Charge As a Freelance

One of the hardest things for freelancers to do is come up with a pricing strategy that is not only profitable for them, but is also a testament to their skills and experience. There are many freelance programmers who undercharge their clients, and are therefore either taken advantage of, or they have to work an insane number of hours to ensure that they can survive.

If you find yourself in such a position, or if you are thinking about leaving formal employment to become a freelancer, there are a number of things that you need to know in order to make the most out of your decision. When you are choosing a pricing strategy, it is important to remember that it is not only about the money that you will be making, but also the quality of life that you would like for yourself.

Hourly Rate

Hourly Rate
Most freelancers will start off by charging an hourly rate, which does work with some projects, but not with all of them. This is because, a lot of the time, the hourly rate will involve an estimate of the amount of time that the project will take to complete. In addition, as your experience grows, and the prices increase, you will realize that many clients do not really care about how long the project takes, as long as it is done well.

For instance, if you charge $50 an hour for a project that takes you four hours to complete, you will only be paid $200. However, you may have done such a good job that even you may think that you deserve to be paid 10 times that for the work that you have done. Unfortunately, because you have already charged an hourly rate that is what you will be paid.

When you do your research later, you may find that there are many programmers out there who get paid thousands of dollars to do the exact same thing you did, which may seem unfair, but that is because many of those programmers charge their clients based on the project they are doing, not on the amount of time it will take.

Project-Based Charges

Project-Based Charges
Should you decide to charge clients depending on the project that you are carrying out, you justify your charges by the end result that the client expects, and not by the time it will take for you to produce those results. There are times when this may seem disadvantageous to you, especially when the project is a long and arduous one. However, in the long term, this is one of the best ways to conduct your business, especially if you have built up experience and a reputation for exemplary work.

By emphasizing the fact that the quality you are offering your clients is good value for money, you will be able to charge higher fees, while still maintaining manageable work hours that will leave you free to do other things. However, if you would like to start billing your clients on a project basis, you are going to have to come up with a pricing point for these projects.

Determining your pricing points

Datermining your pricing points
When it comes to this stage, many freelancers make some elementary, yet expensive mistakes that usually cost them time and money. For instance, many programmers will begin by estimating how long the project will take to complete, add a couple of hours to provide themselves with a buffer just in case something goes wrong, and then apply their hourly charges to get their final quotation.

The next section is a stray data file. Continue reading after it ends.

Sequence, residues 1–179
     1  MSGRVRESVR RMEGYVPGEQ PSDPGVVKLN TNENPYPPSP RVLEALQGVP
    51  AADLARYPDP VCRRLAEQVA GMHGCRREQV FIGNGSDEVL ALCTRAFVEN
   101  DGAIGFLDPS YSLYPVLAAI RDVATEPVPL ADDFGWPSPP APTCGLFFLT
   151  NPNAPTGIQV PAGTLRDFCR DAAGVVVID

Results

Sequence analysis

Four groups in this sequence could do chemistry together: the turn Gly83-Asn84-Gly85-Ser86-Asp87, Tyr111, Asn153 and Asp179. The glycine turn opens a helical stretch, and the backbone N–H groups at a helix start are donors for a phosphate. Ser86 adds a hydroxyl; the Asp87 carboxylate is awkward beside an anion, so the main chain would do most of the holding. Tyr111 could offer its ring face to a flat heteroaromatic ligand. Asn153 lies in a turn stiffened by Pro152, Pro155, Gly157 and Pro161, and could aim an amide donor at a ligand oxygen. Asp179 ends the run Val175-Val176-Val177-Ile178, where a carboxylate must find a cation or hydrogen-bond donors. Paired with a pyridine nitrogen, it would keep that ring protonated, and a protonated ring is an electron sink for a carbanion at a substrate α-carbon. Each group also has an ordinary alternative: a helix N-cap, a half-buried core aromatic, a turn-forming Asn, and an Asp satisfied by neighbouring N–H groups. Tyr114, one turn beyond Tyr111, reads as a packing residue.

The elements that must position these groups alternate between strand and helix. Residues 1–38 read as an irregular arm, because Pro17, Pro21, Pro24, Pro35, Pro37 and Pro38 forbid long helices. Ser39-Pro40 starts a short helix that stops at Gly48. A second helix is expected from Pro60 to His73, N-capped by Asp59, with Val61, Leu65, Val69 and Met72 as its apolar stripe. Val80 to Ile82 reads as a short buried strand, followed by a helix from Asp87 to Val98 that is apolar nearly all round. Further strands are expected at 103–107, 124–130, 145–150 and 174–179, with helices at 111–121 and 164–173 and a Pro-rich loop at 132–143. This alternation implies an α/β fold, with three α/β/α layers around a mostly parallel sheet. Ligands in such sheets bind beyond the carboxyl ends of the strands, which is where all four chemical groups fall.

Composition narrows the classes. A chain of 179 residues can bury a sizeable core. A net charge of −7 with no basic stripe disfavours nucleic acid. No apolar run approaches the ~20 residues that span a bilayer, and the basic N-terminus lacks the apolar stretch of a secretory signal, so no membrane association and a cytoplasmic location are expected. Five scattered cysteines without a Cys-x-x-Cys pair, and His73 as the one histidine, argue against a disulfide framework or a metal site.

Not only is this the wrong way to go, it could seriously backfire, especially if the scope of the projects proves to be larger than you originally thought. In addition, this method puts you are more risk, especially if the project takes you longer than expected.

Another thing that many programmers do is copy their competition’s pricing. This may seem like a good idea, as you will basically be charging market prices. However, this may not be such a good idea, especially if the market price is very low due to increased competition.

The best thing to do when you are trying to determine your pricing points is to consider certain criteria including:

1. Do you like this client?

This may seem like a ridiculous thing to base your prices on but it is very important. If you like your client and the work that you get from them, then you will enjoy doing it, and it will not seem like so much work anymore. However, if you do not like the client, or the work is not enjoyable, then you are justified to increase your price to compensate for the lack of enjoyment.

2. How much is the client willing to pay?

In addition to determining whether you like the client or not, you will also need to think about how much they will be willing to pay. There are times when you will get a large corporate entity with seemingly endless funds who are willing to pay you anything to get a good job done. However, there are also times that you will have a startup company or maybe even a private individual that needs some work done, and you will have to give them a quotation with their limited budget in mind.

Conclusion: –
At the end of the day, you must realize one thing, there is no set formula to how to price your work. Many programmers just guess the value of the project within reason, and hope that the client accepts the quotation. There are other programmers that choose a figure in their heads that they can quote with a straight face, and double that, knowing that the final negotiations may bring the price down, but it will still be more than what they could have hoped for.

Whatever you choose to do, remember to keep these few tips in mind when you are developing your pricing strategy, so that you can get the most out of being a freelance programmer. You will be amazed with the results.